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  • From Vol. 5 No.37 (Sep. 27, 2012)

    BNY Mellon Study Identifies Best Risk Management Practices for Hedge Fund Managers

    In the last few years, hedge fund managers, investors and regulators have identified a growing roster of risks facing hedge fund investments and operations.  See, “SEC Provides Recommendations for Establishing an Effective Risk Management Program for Hedge Fund Managers at Its Compliance Outreach Program Seminar,” The Hedge Fund Law Report, Vol. 5, No. 4 (Apr. 5, 2012).  As a consequence, investors and regulators are increasingly demanding effective, appropriately tailored risk management systems, and managers are making an ongoing effort to divine best practices.  Recognizing and reflecting this trend, BNY Mellon issued a research study in August 2012 that provides a roadmap of the state of risk management in the hedge fund industry, risk management trends and best practices.  This article summarizes the key points from the study, with particular emphasis on tools and practices hedge fund managers can implement to identify, monitor, mitigate and report on risk.  See also “Ernst & Young Survey Shows Risk Managers Possess Tremendous Influence and Face Substantial Challenges in the Asset Management Industry,” The Hedge Fund Law Report, Vol. 5, No. 23 (Jun. 8, 2012).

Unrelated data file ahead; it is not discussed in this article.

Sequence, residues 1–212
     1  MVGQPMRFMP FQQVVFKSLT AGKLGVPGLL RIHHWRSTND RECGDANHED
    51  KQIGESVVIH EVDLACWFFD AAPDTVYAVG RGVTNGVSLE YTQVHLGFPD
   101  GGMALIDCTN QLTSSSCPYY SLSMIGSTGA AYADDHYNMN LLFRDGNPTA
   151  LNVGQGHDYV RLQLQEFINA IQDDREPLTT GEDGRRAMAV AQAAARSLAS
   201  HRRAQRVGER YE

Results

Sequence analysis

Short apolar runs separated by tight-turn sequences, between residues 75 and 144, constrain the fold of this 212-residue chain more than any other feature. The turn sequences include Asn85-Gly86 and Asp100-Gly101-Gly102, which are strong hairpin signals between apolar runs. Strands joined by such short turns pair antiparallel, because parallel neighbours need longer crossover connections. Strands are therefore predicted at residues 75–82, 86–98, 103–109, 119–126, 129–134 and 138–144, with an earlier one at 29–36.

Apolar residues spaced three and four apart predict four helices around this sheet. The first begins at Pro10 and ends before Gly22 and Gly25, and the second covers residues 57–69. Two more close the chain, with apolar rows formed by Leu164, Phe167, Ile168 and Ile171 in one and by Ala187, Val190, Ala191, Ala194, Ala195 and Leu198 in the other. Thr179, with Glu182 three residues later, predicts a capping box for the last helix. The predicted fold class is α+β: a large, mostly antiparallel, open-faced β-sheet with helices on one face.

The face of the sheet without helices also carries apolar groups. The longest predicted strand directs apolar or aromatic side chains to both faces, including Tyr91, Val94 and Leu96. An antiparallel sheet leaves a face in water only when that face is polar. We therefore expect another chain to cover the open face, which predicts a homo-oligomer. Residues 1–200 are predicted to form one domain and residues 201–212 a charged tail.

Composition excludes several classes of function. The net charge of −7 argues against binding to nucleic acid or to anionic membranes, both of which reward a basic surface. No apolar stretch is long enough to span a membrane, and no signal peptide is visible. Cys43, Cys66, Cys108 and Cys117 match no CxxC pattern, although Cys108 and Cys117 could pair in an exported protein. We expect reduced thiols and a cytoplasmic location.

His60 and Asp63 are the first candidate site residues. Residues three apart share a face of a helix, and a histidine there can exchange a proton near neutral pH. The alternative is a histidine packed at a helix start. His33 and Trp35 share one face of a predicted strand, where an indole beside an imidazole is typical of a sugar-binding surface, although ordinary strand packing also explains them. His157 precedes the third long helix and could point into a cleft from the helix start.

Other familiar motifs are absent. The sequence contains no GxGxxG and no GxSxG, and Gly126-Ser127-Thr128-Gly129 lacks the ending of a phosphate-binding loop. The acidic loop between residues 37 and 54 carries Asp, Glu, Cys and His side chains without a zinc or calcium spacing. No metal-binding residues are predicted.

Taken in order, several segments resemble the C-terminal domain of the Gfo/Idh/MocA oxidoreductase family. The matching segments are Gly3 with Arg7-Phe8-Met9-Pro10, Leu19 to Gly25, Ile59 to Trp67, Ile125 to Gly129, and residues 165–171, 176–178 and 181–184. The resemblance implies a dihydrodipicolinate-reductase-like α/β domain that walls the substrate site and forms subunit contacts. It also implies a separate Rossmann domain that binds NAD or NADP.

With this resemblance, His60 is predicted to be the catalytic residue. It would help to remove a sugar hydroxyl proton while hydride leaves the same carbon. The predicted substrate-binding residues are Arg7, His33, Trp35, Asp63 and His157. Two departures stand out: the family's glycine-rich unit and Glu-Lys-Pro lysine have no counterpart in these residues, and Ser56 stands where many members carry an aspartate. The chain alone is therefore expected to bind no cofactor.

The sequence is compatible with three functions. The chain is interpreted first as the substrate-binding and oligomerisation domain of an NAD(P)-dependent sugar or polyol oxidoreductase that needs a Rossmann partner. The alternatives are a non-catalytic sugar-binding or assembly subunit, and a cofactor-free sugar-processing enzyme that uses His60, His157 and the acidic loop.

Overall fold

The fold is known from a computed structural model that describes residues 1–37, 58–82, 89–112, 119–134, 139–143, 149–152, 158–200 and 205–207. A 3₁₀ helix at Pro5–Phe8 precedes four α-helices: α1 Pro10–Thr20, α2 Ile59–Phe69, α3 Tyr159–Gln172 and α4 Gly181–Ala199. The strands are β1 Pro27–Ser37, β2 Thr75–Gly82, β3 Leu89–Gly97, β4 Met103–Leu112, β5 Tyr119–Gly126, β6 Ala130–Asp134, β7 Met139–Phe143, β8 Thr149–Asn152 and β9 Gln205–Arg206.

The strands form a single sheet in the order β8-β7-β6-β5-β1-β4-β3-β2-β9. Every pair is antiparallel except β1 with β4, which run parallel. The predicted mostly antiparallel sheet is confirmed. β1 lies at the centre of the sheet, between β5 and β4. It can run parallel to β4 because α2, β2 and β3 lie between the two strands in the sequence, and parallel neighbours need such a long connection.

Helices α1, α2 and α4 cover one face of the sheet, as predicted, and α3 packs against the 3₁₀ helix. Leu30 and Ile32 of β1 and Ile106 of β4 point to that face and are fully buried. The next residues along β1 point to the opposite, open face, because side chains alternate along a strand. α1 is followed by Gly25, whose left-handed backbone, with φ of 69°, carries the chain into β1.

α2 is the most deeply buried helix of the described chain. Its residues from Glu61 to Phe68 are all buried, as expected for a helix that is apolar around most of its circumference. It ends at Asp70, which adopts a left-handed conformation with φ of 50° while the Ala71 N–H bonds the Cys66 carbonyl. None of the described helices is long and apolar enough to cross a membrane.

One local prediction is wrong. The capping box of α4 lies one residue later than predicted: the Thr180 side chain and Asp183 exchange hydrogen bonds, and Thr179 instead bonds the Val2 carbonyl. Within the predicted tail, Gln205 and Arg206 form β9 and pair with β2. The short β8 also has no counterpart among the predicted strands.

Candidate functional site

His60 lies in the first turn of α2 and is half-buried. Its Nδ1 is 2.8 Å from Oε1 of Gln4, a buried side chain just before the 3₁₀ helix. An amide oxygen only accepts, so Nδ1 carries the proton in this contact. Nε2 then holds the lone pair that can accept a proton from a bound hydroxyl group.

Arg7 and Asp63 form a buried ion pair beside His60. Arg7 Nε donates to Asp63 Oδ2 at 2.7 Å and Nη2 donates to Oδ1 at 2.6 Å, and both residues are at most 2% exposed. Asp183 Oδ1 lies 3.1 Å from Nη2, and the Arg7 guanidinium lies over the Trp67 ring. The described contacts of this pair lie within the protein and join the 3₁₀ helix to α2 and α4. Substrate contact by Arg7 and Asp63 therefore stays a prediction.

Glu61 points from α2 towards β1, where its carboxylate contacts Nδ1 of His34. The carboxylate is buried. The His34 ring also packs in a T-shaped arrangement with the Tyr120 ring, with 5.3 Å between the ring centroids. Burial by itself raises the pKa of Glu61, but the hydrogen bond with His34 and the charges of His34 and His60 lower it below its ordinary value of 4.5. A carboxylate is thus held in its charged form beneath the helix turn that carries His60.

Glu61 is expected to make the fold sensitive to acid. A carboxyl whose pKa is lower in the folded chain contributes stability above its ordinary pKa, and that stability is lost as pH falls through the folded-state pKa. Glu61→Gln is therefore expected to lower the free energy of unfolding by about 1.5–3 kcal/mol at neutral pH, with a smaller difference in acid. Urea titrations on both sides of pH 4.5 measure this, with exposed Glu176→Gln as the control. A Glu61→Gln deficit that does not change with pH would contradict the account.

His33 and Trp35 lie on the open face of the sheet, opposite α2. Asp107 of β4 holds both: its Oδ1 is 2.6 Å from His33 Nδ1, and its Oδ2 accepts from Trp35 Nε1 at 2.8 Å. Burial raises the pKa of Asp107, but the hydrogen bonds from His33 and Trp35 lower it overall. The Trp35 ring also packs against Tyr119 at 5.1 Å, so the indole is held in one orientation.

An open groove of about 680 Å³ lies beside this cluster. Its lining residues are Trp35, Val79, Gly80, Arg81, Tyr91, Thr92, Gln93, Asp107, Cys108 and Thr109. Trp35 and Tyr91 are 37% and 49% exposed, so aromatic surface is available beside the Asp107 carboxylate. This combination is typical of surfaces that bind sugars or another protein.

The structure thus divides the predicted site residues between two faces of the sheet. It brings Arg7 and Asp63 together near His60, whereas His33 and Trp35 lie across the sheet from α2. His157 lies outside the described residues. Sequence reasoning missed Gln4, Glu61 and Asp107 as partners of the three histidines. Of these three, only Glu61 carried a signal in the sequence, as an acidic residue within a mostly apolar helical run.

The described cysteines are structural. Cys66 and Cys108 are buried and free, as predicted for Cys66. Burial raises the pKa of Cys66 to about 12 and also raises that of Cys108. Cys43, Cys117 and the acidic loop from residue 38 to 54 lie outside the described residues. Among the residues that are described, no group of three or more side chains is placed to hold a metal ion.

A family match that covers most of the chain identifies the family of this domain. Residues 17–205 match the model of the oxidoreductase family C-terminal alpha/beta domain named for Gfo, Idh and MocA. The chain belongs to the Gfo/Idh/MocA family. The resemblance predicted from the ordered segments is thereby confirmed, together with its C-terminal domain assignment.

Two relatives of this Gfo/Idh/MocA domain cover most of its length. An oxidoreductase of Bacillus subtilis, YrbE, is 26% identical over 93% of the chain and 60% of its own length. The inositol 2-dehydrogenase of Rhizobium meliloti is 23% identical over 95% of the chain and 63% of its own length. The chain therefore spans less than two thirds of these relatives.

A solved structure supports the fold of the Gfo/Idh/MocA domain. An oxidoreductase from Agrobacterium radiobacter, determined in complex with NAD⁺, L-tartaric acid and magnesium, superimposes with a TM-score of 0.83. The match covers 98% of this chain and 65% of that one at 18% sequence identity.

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  • From Vol. 5 No.23 (Jun. 8, 2012)

    Ernst & Young Survey Shows Risk Managers Possess Tremendous Influence and Face Substantial Challenges in the Asset Management Industry